nep-soc New Economics Papers
on Social Norms and Social Capital
Issue of 2014‒03‒15
eleven papers chosen by
Fabio Sabatini
La Sapienza University of Rome

  1. Institutions, Human Capital and Development By Daron Acemoglu; Francisco A. Gallego; James A. Robinson
  2. Connections Matter: How Personal Network Structure Influences Biomedical Scientists’ Engagement in Medical Innovation By Llopis,Oscar; D’Este,Pablo
  3. The Economics of Human Development and Social Mobility By James J. Heckman; Stefano Mosso
  4. Overcoming Moral Hazard with Social Networks in the Worksplace: An Experimental Approach By Dhillon, Amrita; Peeters, Ronald; Muge Yukse, Ayse
  5. Conflict and segregation in networks: An experiment on the interplay between individual preferences and social influence By Penélope Hernández; Guillem Martínez-Canovas; Manuel Muñoz-Herrera; Lea Ellwardt
  6. The Long-Term Effects of Protestant Activities in China By Yuyu Chen; Hui Wang; Se Yan
  7. Are Smarter People Better Samaritans? Effect of Cognitive Abilities on Pro-Social Behaviors By Luis Aranda; Martin Daniel Siyaranamual
  8. NGOs, from the Promotion of Civic Participation to Public Problems Solving By Golmohammadpoor Azar, Kamran; Banae Babazadeh, Amin
  9. Parents' Education and their Adult Offspring's Other-Regarding Behavour By Ulrik H. Nielsen
  10. Revealing the Preferences of Social Financiers By Christoph Starke; Steffen Burchhardt
  11. Understanding the Determinants of the Usage of Corporate Social Networks: An Integrative Perspective By Nabila JAWADI; Laetitia BONIS

  1. By: Daron Acemoglu; Francisco A. Gallego; James A. Robinson
    Abstract: In this paper we revisit the relationship between institutions, human capital and development. We argue that empirical models that treat institutions and human capital as exogenous are misspecified both because of the usual omitted variable bias problems and because of differential measurement error in these variables, and that this misspecification is at the root of the very large returns of human capital, about 4 to 5 times greater than that implied by micro (Mincerian) estimates, found in some of the previous literature. Using cross-country and cross-regional regressions, we show that when we focus on historically-determined differences in human capital and control for the effect of institutions, the impact of institutions on long-run development is robust, while the estimates of the effect of human capital are much diminished and become consistent with micro estimates. Using historical and cross-country regression evidence, we also show that there is no support for the view that differences in the human capital endowments of early European colonists have been a major factor in the subsequent institutional development of these polities.
    JEL: I25 O10 P16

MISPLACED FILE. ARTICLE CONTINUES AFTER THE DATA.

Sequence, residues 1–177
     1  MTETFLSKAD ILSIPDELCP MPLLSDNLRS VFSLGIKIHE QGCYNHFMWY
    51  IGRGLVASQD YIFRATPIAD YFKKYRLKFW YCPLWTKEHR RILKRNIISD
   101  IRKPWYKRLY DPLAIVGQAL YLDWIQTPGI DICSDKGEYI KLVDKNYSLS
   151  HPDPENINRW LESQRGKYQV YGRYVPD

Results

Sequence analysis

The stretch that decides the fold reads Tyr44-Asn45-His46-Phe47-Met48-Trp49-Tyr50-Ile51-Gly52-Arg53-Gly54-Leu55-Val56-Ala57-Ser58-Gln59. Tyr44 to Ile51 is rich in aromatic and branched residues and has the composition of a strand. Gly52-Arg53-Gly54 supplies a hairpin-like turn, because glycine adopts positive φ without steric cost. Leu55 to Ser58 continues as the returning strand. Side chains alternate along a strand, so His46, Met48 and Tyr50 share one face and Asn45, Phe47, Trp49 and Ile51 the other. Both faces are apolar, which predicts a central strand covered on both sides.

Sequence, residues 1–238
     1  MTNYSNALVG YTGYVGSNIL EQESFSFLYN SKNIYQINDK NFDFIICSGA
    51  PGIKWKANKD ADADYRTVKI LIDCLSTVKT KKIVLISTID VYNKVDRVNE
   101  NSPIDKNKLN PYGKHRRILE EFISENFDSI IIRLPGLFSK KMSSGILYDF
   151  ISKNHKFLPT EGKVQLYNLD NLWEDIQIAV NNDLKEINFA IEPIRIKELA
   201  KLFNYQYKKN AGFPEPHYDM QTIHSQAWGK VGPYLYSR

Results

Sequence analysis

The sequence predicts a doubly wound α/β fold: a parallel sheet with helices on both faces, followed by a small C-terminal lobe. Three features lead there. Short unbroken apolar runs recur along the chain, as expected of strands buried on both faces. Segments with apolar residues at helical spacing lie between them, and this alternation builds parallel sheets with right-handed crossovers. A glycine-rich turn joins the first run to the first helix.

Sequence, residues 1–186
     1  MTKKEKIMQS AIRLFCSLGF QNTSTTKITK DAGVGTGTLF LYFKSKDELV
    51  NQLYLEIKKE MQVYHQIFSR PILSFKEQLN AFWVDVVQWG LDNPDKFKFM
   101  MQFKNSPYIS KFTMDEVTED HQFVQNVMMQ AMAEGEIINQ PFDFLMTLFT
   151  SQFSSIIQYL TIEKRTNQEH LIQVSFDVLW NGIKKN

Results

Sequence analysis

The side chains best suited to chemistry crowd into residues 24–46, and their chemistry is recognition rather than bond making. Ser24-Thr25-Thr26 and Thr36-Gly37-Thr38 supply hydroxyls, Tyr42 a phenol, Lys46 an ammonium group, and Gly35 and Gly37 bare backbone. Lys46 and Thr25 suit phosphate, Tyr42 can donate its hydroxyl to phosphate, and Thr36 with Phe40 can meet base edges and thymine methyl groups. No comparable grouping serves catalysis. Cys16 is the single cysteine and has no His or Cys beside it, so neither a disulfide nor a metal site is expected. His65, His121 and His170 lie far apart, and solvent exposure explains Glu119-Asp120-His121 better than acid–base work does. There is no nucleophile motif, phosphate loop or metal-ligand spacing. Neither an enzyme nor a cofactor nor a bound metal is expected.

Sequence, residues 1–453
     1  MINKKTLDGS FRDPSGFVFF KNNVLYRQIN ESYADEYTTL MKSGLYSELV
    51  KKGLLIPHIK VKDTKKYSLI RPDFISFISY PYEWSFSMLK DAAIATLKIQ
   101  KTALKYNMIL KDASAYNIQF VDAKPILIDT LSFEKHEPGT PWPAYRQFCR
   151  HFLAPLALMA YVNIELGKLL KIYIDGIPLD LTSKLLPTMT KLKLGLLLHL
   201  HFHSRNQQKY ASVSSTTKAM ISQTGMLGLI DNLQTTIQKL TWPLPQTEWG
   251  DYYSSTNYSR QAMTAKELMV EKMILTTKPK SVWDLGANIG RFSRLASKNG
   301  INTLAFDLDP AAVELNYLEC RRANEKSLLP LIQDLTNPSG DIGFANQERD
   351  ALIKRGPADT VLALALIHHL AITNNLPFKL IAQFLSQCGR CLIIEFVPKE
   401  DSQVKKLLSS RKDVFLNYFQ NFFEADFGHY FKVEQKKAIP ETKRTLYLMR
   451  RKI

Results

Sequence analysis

Date: 2014–02
  2. By: Llopis,Oscar; D’Este,Pablo
    Abstract: In this study, we analyze the determinants of biomedical scientists’ participation in various types of activities and outputs related to medical innovation. More specifically, we argue that scientists occupying brokerage positions among their contacts will in a more favorable position to deliver medical innovation outcomes, compared to scientists embedded in more dense networks. However, we also theorize that beyond a threshold, the coordination costs of brokerage may surpass its potential benefits. In addition to that, we study the influence of two individual-level attributes as potential determinants of the participation in medical innovation activities: cognitive breadth and perceived beneficiary impact. We situate our analysis within the context of the Spanish biomedical research framework, where we analyze a sample of 1,309 biomedical scientists.
    Keywords: Social Capital, Ego-Network Brokerage, Medical innovation, Translational Research, Perceived Beneficiary Impact, Cognitive Breadth
    JEL: D85 Z13 O31
    Date: 2014–03–05
  3. By: James J. Heckman (The University of Chicago); Stefano Mosso (The University of Chicago)
    Abstract: This paper distills and extends recent research on the economics of human development and social mobility. It summarizes the evidence from diverse literatures on the importance of early life conditions in shaping multiple life skills and the evidence on critical and sensitive investment periods for shaping different skills. It presents economic models that rationalize the evidence and unify the treatment effect and family influence literatures. The evidence on the empirical and policy importance of credit constraints in forming skills is examined. There is little support for the claim that untargeted income transfer policies to poor families significantly boost child outcomes. Mentoring, parenting, and attachment are essential features of successful families and interventions to shape skills at all stages of childhood. The next wave of family studies will better capture the active role of the emerging autonomous child in learning and responding to the actions of parents, mentors and teachers.
    Keywords: capacities, dynamic complementarity, parenting, scaffolding, attachment, credit constraints
    JEL: J13 I20 I24 I28
    Date: 2014–02
  4. By: Dhillon, Amrita (Kings College, London); Peeters, Ronald (Maastrict); Muge Yukse, Ayse (Maastrict)